If you’re like me, and you like the snow, but after awhile, you long for a change of scenery, you’ve got a few options.
1) Embrace the cold and sled, snow shoe, or ski. (See my post “How to Survive a New England Winter.“)
2) Look for warmth.
In between snow storms this past week, I stopped in at the greenhouse at Water Fresh Farm in Hopkington, Mass.
I dined in front of a fire at Red Barn Coffee Roasters in Southborough, Mass.
And I visited the Wayland Winter Farmers’ Market inside a greenhouse at Russell’s Garden Center in Wayland, Mass., where people ordered pizza from a mobile wood fired pizza truck, tasted wine and cheese, bought root vegetables, jams, fish, meat, and even mushrooms.
Where will I go next week? The forecast is for more cold. Maybe this time, I’ll go for option number 3 and get on a plane!
There’s nothing like getting a month’s worth of snow in a few days!
After a brief snow storm on Saturday, January 24, 2015, about 5 inches of snow fell on our outside table before the rain compressed it. Here’s what the table looked like on Saturday and pretty much what it looked like when we went to bed on Monday night.
Here’s what it looked like at 7 a.m. on Tuesday morning.
At 8 a.m.
At 9 a.m.
The dog still hadn’t been out. So, we started shoveling and blowing. It was 17 degrees, and windy.
It kept snowing all day. At 4 p.m., I took this photo.
At 7 p.m., I took this last photo.
We stayed warm and never lost power. Instead, we went snow shoeing. Today, after shoveling again, I’ll be out on my skis.
It was 15 degrees this morning in Boston, and it’s not even winter yet. I’m inside by the fire, drinking a cup of coffee, and remembering a warmer day in Rockport, Mass., just a few months ago.
Trip taken June 2014.
Today is Patriot’s Day, 239 years and a few days since the shot was fired and heard round the world. The lantern was hung, Paul Revere rode his horse, the Minutemen marched, and so began our fight for liberty.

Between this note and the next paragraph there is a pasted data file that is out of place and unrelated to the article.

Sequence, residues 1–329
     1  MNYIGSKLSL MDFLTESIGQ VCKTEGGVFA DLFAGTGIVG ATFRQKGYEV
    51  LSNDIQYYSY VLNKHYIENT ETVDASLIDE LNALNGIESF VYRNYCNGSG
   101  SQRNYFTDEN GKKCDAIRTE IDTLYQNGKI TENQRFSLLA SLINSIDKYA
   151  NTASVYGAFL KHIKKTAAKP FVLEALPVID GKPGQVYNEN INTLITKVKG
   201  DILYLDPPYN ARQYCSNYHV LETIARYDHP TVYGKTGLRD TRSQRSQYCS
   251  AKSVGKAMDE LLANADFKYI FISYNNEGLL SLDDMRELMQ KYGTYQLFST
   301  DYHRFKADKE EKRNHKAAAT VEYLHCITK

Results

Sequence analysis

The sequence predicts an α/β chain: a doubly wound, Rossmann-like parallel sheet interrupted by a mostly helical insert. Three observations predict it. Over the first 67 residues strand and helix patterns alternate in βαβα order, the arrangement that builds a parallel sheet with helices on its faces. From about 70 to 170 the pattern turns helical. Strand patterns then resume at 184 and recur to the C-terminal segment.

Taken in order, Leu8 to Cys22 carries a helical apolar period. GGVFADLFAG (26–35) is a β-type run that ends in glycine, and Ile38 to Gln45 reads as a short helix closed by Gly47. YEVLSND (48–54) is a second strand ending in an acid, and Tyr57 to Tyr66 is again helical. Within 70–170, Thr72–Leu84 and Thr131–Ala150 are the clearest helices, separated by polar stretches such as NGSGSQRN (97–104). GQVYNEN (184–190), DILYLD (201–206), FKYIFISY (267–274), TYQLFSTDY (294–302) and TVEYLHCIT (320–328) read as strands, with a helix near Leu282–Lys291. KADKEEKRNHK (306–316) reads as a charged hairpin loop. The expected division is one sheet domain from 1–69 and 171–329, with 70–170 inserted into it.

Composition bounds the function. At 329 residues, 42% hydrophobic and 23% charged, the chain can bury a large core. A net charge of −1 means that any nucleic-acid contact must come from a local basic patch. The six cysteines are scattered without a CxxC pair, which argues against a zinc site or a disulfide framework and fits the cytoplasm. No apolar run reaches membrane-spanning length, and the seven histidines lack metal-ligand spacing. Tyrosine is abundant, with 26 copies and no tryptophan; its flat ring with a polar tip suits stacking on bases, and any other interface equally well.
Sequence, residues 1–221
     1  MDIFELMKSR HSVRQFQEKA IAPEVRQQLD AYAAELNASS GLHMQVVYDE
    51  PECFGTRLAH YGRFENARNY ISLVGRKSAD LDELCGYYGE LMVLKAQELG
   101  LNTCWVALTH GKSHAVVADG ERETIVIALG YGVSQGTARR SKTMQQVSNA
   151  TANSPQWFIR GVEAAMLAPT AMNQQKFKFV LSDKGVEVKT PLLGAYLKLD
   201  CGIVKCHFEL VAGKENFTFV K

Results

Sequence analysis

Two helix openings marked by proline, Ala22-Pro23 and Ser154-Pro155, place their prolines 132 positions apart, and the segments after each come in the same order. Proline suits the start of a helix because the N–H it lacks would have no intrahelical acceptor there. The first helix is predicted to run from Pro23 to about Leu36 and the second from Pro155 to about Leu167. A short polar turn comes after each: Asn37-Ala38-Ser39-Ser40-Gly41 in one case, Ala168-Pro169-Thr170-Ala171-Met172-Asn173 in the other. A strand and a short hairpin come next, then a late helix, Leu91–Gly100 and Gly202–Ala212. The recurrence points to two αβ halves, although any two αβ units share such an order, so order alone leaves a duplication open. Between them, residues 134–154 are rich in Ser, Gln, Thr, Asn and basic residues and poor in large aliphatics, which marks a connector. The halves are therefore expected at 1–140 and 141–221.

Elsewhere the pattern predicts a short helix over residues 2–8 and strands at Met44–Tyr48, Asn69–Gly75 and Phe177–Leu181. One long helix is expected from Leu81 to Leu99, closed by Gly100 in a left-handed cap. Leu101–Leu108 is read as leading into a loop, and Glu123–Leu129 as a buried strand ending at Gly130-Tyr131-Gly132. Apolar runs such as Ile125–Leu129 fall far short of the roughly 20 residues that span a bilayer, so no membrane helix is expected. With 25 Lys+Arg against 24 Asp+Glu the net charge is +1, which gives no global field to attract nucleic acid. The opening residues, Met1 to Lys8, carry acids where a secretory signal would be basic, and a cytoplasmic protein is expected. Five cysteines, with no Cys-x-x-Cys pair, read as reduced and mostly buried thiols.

Today is the Boston Marathon, a year and a few days after the marathon bombing, when the world supported Boston and the community came together. We were Boston Strong in 1775. We are Boston Strong in 2014.
We will always be Boston Strong.
Do you love baseball and the Red Sox? Are you gluten free? Did you know that now you can have your Fenway frank on a gluten-free bun at Fenway Park?
At Fenway Park, not only do they have gluten-free hot dogs, you can also buy gluten-free pizza, whoopee pies, brownies, and cookies. Oh, and their cotton candy, popcorn, soft serve ice cream, and Cracker Jacks are gluten free as well. Check out this list and this map. They even sell gluten-free beer!
Go Red Sox!
While traveling in Paris many years ago, my American friends introduced me to the Moscow Rule. Not to be confused with the Moscow Rules, this rule has to do with shopping and souvenirs and is fairly simple. If you see something, buy it, because you may never see it again.
My friends told me that this rule originates from people standing in line in Moscow. If you lived in Moscow under Communist rule and saw people standing in line, you joined them, because whatever they were waiting for you most likely needed or would need and you may not have the opportunity to buy it another time.
Although I try to remember this rule when I travel, the times I forget are the times I regret. Like the time I didn’t buy the metal toy truck in Cape Town because I knew we’d see several more during our trip (we didn’t).
Or when I didn’t buy a drum and then had to resort to the airport gift shop. Or when I passed up a pretty necklace at a price I saw quadrupled in future stores.
Sometimes it’s easy to remember, like buying Lindt chocolates in Zurich, wool scarves with the family clan in Edinburgh, or maple syrup in Vermont. I find it more difficult to remember when I see something different. Is it something I truly want? Is the price a good one? Will I see it again?
To prevent those post traveling blues, remember the Moscow Rule: if you see something unique, something you’re unlikely to find online or anywhere else, snatch it up, because you may never see it again. Most likely, you won’t regret the purchase, and the memories it holds will bring smiles for a lifetime.